1-3-1936 to 10-23-2010
Sometimes words are not enough to express the things I feel. My heart is broken but I’m so thankful that I had the chance to know the man I called Daddy. His laughter, his jokes, the sparkle in his eye, his love for people…. Yes, all people, and his infectious good humor. He played jokes on us and everyone around us and taught us kids the things we needed to know to make it through life. Work hard, go to school, play hard and save a little, always……….
"Strive to gain sound education and value work” and work and work…. “Respect people and be honest” “Live well your life with integrity."
He never let up with his teaching And his opinions, though not always accepted but always from the heart He lived this life an honest man
We learned those lessons, some later than others, but we did learn them. These lessons and the memories will take us through the bad times, the tears and the heavy loss we feel.
Remember the man who walked 100 miles an hour with keys hanging from his belt who could tuck his shirttail in with one hand, while still walking. Remember the man with the loud voice who could repeat a joke over and over just to hear people laugh. Remember that man with the massive, infectious belly laugh. Remember the man who said, “Hey sweetheart, you’re the best looking thing I’ve seen all day” and he didn’t even have to see you to say that. And yes, he had a few other infamous sayings but we probably should leave those unsaid……. What a special gift he was to all whose lives he touched, with his inborn love of people.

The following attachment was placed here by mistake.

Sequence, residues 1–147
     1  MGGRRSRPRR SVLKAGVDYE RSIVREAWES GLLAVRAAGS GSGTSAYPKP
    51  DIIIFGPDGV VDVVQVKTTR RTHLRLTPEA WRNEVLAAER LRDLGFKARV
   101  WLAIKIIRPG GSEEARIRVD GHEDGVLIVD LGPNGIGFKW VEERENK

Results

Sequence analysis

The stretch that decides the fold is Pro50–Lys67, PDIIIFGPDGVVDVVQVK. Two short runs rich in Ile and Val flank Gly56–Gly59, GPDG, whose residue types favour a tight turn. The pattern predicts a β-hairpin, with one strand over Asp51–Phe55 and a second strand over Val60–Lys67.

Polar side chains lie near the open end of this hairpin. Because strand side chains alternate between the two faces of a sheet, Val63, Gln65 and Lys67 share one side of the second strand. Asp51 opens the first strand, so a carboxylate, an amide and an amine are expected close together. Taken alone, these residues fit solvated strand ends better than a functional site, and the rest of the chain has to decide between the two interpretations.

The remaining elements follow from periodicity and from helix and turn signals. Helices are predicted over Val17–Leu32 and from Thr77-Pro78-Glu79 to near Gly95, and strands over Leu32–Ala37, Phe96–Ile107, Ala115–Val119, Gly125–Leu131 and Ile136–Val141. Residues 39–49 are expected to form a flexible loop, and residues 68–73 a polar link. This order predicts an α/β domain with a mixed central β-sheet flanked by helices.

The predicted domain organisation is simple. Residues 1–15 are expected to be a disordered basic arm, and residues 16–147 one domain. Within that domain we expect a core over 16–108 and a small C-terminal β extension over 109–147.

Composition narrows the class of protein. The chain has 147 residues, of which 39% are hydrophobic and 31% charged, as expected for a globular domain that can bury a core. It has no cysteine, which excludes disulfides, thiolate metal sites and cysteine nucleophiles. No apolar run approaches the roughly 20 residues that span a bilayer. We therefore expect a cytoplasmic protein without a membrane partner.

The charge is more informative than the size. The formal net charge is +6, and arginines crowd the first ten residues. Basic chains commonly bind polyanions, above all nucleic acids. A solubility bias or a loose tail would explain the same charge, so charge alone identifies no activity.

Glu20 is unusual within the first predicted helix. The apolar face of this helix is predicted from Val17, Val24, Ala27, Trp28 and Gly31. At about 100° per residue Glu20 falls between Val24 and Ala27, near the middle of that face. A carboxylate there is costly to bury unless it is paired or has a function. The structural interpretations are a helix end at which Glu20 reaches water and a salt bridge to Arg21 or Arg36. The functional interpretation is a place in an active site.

Remember the man who drove down the road in a red van with a Styrofoam cup full of coffee held in his teeth, or in his gums because he hated those teeth and they were usually in another cup on the dashboard.
Remember that smile, that signature wink, that way he made each one feel special. Remember the good things he left for each of us. Remember the man who loved to flirt, who worked hard and shared his ideas. Remember the man who gave of himself in time and money and work to a church he loved, to the friends he met, the family he made and the customers he served.
Remember him on that golf cart, tooling along with that fancy hat, looking all distinguished. If he saw a good looking woman, he could actually turn that thing around on a dime. Remember his Wed night Flirt sessions that we called Wing Night. Remember his outlook on life, sick or well, with no complaints. Remember all those hugs and warm smiles. Remember the good times.
There are so many more memories of him but they elude me at the moment.
But always remember him living, I mean really, really living, every day.
Even when he was the sickest, he always had a smile. I hope that I can continue that smile, even when it doesn’t come easy. I hope I can find a piece of him in myself. I hope I can remember those lessons.
I miss you, Daddy………………